This World Sight Day, we are shining a spotlight on SiB’s pioneering partnership with Peek, who we have supported through the SiB Innovation Fund since 2014.
In 2011, Dr Andrew Bastawrous left his role as an Ophthalmologist in the UK’s National Health Service (NHS) to set up 100 eye clinics in Kenya as part of his PhD research whilst studying at the London School of Hygiene & Tropical Medicine (LSHTM). Andrew and a small team were examining and treating as many people as possible, but it soon became clear it would never be sufficient.
Andrew had a vision of a better future for eye care, and along with the team in Kenya he set about creating Peek Acuity – the world’s first clinically-tested smartphone vision check app. Peek Acuity made it possible for a non-specialist to accurately measure someone’s distance vision, so they could be referred to the relevant services if they were identified as requiring further examination.
Seeing is Believing (SiB)’s journey with Peek began in 2014, when SiB’s Innovation Fund supported a trial led by Peek and Operation Eyesight Universal in which 25 teachers screened 20,000 school children in Trans Nzoia County in Kenya (2015). The study was hugely successful, and results published in The Lancet Global Health showed that screening school children using the Peek system more than doubled the proportion of children attending follow-up appointments. In 2016, the trial in Kenya received scale up funding from SiB and began a country-wide programme to reach 160,000 children.
At the same time, in partnership with the Government of Botswana and others, SiB supported Peek to undertake a school screening pilot to trial vision screening in schoolchildren using Peek technology; over 95 per cent of children in the pilot attended follow-up appointments. Nearly 13,000 children from 49 schools were screened in the Goodhope sub-district, with over 2,000 children referred for optometric care and over 800 supplied with spectacles. The findings of the programme underscored the need for comprehensive vision screening in schoolchildren and illustrated the potential of using Peek at a national level in Botswana and other countries. As a result of this SiB supported programme, the Government of Botswana has committed to roll out a national school eye health programme for every school child in the country using Peek technology.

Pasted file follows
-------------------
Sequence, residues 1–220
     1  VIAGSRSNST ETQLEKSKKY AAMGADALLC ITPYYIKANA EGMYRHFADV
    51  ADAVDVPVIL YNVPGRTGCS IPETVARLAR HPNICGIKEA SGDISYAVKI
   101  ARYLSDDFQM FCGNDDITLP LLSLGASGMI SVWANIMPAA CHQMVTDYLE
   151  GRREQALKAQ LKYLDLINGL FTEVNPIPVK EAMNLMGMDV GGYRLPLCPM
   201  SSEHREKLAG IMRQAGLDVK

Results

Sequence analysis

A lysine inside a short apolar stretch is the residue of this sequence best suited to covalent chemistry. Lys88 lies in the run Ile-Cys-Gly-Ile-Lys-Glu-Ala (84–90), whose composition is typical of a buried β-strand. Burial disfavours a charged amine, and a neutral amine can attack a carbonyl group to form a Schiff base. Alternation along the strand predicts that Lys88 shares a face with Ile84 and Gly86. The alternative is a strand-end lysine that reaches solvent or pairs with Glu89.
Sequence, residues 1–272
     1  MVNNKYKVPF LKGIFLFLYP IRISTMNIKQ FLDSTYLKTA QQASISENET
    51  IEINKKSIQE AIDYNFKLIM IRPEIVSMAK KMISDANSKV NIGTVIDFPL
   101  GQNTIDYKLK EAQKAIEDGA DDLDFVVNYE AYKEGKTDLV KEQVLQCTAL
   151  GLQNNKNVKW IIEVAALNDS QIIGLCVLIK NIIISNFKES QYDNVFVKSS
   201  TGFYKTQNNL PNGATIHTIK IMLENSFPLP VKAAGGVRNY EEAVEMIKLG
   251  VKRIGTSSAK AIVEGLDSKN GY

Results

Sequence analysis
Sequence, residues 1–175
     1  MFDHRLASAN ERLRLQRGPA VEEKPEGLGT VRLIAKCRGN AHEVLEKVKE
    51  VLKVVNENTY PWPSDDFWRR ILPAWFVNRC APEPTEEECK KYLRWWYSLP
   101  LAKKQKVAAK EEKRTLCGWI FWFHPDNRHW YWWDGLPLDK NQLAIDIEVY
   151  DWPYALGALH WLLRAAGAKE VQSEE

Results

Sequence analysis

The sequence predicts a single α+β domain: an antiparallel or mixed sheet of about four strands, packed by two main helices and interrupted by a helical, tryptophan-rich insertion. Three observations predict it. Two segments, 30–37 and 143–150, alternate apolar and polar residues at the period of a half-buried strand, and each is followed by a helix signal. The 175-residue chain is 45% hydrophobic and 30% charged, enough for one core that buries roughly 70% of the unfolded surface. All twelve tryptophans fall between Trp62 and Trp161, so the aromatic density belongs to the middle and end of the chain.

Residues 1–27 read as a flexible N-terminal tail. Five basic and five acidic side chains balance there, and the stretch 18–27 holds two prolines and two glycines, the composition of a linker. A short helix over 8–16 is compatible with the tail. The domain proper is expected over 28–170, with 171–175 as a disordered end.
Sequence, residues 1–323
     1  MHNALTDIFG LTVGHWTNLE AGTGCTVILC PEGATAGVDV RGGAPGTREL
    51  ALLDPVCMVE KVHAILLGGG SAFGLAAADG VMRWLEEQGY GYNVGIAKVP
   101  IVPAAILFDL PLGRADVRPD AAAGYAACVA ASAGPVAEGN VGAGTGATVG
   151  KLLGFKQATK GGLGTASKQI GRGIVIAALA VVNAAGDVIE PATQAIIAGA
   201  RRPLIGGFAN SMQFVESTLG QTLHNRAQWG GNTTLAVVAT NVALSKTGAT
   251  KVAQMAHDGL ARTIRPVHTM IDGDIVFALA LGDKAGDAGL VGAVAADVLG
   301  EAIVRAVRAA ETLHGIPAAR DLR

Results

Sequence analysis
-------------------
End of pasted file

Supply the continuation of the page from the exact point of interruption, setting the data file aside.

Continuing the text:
After the success of the Peek projects in Kenya and Botswana, SiB co-funded a trial in India, led by LSHTM, using Peek. Teachers were trained to measure visual acuity using Peek. The project also explored cultural and attitudinal differences which influence uptake of services and spectacle usage.
In 2017, with the help of the SiB Innovation Fund, Peek took forward a proof-of-concept portable, low cost camera for retinopathy of prematurity (ROP) screening to help prevent vision loss in premature babies. The goal is to provide an alternative to expensive digital imaging equipment ensuring non-ophthalmologists can image and share data to provide timely and vision saving decisions on treatment. To date, prototypes for clinical validation have been built and are soon to be validated as part of an ROP study in Tamil Nadu, India.
Over the years, Peek has grown from a research project within LSHTM to a thriving spin-out social enterprise. With the support of SiB and other funders, Peek has been able to take an idea from proof of concept through to a clinically validated medical device (Peek Acuity). By embedding it into a suite of products and services, Peek helps to strengthen health care systems, especially when used by partner organisations who will take Peek to scale.
Now, thanks in no small part to the ongoing backing of SiB, Peek is able to continue to grow their reach of Peek-enabled programmes and users through our new Innovation Fund project – the development and launch of an online Peek Training Portal.
Photo credits: Rolex – Joan Bardeletti
Associate Director, Programme, Seeing is Believing
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